On neurological examination, cranial nerves were unremarkable. Guided and voluntary eye movements were normal; fast saccadic movements were slightly dysmetric. Optokinetic nystagmus was absent vertically but normal horizontally. The patient had a slight paresis of her left leg, tendon reflexes were brisker in the left than the right leg but symmetric in both arms. Plantar response was flexor. There was a slight ataxia in both legs. Sensory testing was normal. Snout or palmomental reflexes were absent. The patient was inattentive but well oriented to time, person, and place. She had difficulties in retrieving past and storing new information. There was no aphasia or dysarthria but her speech was vague and circuitous with many meaningless phrases. Thinking was slowed, impoverished in content, and reduced in flexibility. She was emotionally labile, her behaviour was disorganised, and her judgment was impaired.

Psychometric tests resulted in an estimated IQ of 71 on the Hamburg-Wechsler test. An amnesia score (Berliner Amnesietest-Kurzform) and the d2 test were highly pathological. Cranial MRI showed considerable cerebral atrophy and multiple non-enhancing hyperintense areas on T2 weighted images localised in the periventricular white matter and the corpus callosum (figure). Follow up examination in spring 1996 showed no changes. Protein concentration (0.36 g/l) and cell count (1 cell/ml) in CSF were normal; oligoclonal bands were positive in CSF but negative in serum. Somatosensory evoked potentials to both legs and transcortical magnetic evoked potential to the left leg were delayed. Abdominal sonography disclosed an enlarged (vertical diameter 17 cm) and inhomogeneously structured spleen. Liver size was borderline. Routine hematological and biochemical analyses were normal except for transient thrombopenia. Vasculitis screening, serum tests for copper, coeruloplasmin, vitamin B12, folic acid, basic endocrinological tests including thyroid function assessment, testing for HIV and syphilis, very long chain fatty acids, arylsulphatase A, and other serum lysosomal enzyme activities were normal.

Axial T2 weighted images show multifocal and partly confluent subcortical areas with pathologically high signal.

Considering the MRI and CSF findings we first diagnosed multiple sclerosis with a prominent picture of progressive dementia. Treatment with steroids did not improve the clinical status. The patient was referred to a rehabilitation hospital. There, CSF analysis was normal and oligoclonal bands were absent.

In August 1995, the patient was readmitted in a state of severe depression and helplessness. Her dementia had deteriorated, neurological examination was unchanged, still showing slight lower limb ataxia and left leg paresis. Because control sonography disclosed persistent splenomegaly, we considered the diagnosis of Niemann-Pick disease type C or Gaucher disease. Cytology of a bone marrow aspirate disclosed so-called sea blue histiocytes and Niemann-Pick cells, a result strongly suggestive of Niemann-Pick disease type B or C. Biochemical studies on cultured skin fibroblasts confirmed the diagnosis of Niemann-Pick disease type C. The intracellular low density lipoprotein induced esterification of cholesterol was reduced (330 (controls 2950 (SD 1200)) pmol/mg cell protein of cholesteryl oleate formed after 4.5 h).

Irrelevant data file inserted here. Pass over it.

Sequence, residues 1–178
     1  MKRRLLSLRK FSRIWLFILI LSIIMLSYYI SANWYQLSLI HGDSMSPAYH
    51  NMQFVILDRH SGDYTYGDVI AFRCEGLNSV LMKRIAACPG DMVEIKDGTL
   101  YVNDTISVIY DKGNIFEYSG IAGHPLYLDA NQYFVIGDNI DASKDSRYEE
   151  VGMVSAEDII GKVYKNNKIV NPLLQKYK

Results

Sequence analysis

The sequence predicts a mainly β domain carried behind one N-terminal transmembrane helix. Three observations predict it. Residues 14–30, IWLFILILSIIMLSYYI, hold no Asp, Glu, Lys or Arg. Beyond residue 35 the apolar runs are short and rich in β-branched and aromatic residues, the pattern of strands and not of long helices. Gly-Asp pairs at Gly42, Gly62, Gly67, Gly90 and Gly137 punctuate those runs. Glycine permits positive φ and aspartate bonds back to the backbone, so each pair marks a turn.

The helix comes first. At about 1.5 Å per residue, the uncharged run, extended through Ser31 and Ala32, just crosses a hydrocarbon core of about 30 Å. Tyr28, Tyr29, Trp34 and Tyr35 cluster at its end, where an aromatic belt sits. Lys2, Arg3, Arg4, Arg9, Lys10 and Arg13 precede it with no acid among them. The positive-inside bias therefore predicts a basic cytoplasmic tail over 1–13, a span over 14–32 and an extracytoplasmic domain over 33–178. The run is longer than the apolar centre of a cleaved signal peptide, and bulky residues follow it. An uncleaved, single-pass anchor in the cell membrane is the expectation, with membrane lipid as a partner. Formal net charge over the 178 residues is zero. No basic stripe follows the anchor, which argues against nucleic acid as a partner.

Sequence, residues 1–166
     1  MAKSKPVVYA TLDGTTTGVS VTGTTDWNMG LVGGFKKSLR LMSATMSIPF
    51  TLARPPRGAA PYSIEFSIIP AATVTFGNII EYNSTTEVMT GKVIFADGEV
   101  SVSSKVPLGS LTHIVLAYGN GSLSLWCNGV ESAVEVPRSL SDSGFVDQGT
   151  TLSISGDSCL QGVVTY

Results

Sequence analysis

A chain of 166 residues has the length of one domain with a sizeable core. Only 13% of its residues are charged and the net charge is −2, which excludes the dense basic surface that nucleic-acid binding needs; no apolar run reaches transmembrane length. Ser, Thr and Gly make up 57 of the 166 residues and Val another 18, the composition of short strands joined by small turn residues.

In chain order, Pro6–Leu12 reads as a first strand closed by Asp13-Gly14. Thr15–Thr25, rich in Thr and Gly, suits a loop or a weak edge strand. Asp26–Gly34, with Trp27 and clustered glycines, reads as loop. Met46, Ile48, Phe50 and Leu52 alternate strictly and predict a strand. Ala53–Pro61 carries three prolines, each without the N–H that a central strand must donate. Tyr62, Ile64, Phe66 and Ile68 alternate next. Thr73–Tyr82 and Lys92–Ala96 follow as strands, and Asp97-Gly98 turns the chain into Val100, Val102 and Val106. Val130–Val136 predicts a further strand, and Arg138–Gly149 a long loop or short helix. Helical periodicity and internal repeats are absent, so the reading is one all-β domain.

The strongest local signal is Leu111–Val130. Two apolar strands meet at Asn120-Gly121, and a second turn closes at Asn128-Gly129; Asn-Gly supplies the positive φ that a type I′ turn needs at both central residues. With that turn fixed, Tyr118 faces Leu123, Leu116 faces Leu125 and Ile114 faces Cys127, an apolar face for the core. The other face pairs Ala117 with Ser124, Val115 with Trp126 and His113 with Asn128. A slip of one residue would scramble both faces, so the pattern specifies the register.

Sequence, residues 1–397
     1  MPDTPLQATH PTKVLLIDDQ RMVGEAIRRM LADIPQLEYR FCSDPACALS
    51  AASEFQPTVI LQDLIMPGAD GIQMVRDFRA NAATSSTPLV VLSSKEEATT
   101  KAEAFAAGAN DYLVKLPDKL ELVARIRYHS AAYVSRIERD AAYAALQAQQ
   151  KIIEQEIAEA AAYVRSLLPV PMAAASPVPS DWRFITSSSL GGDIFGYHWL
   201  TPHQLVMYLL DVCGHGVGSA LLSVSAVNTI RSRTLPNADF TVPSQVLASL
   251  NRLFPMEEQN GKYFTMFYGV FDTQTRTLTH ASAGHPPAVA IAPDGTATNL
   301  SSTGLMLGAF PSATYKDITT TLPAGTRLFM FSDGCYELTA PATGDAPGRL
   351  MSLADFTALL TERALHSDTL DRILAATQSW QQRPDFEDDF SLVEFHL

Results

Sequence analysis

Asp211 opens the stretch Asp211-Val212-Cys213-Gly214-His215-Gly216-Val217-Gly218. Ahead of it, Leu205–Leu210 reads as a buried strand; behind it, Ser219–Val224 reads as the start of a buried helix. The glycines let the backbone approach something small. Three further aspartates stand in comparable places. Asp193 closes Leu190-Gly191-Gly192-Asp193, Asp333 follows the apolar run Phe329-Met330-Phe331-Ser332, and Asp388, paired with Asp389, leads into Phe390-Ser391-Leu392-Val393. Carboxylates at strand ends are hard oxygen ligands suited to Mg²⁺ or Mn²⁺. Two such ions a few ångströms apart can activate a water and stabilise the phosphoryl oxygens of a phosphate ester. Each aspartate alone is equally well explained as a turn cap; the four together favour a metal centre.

Cytochemical staining with filipin showed a significant but not massive accumulation of unesterified cholesterol in perinuclear vesicles. These combined findings were consistent with an “intermediate” biochemical phenotype of Niemann-Pick disease type C.2

The clinical picture in our patient corresponds well to late onset Niemann-Pick disease type C. Although her disease may have insidiously started during childhood or adolescence, definite dementia only developed around the age of 30. Progressive dementia is the most often reported sign, and limb ataxia and splenomegaly are other prominent features in adult onset Niemann-Pick disease type C. Vertical supranuclear ophthalmoplegia, which was absent in our patient, is an important sign in infantile and juvenile Niemann-Pick disease type C, but it is often missing in adult disease1

Findings on MRI and in CSF had initially suggested a diagnosis of multiple sclerosis in our patient. Dementia may occasionally be the leading or even only symptom in multiple sclerosis and features of dementia in multiple sclerosis resemble those in our patient. In Niemann-Pick disease type C, neuroimaging is usually normal or shows non-specific cerebral atrophy, but some cases with periventricular white matter lesions have been described.3Neuropathological studies occasionally showed demyelination in infantile cases.2 4 Therefore, clinical and neuroradiological findings in our patient were compatible with a diagnosis of Niemann-Pick disease type C. However, to our knowledge oligoclonal bands have not been reported in the disease. Increased CSF immunoglobulin concentrations are often found in adrenoleukodystrophy,5 indicating that inborn errors of metabolism can be associated with an immune response. Accordingly, oligoclonal bands in our patient may also represent an immunological response to cerebral damage caused by Niemann-Pick disease type C. In our patient, Niemann-Pick disease type C mimicked features of multiple sclerosis. Therefore, in patients with suspected multiple sclerosis in whom dementia or psychosis are the leading symptoms, Niemann-Pick disease type C should be considered as differential diagnosis.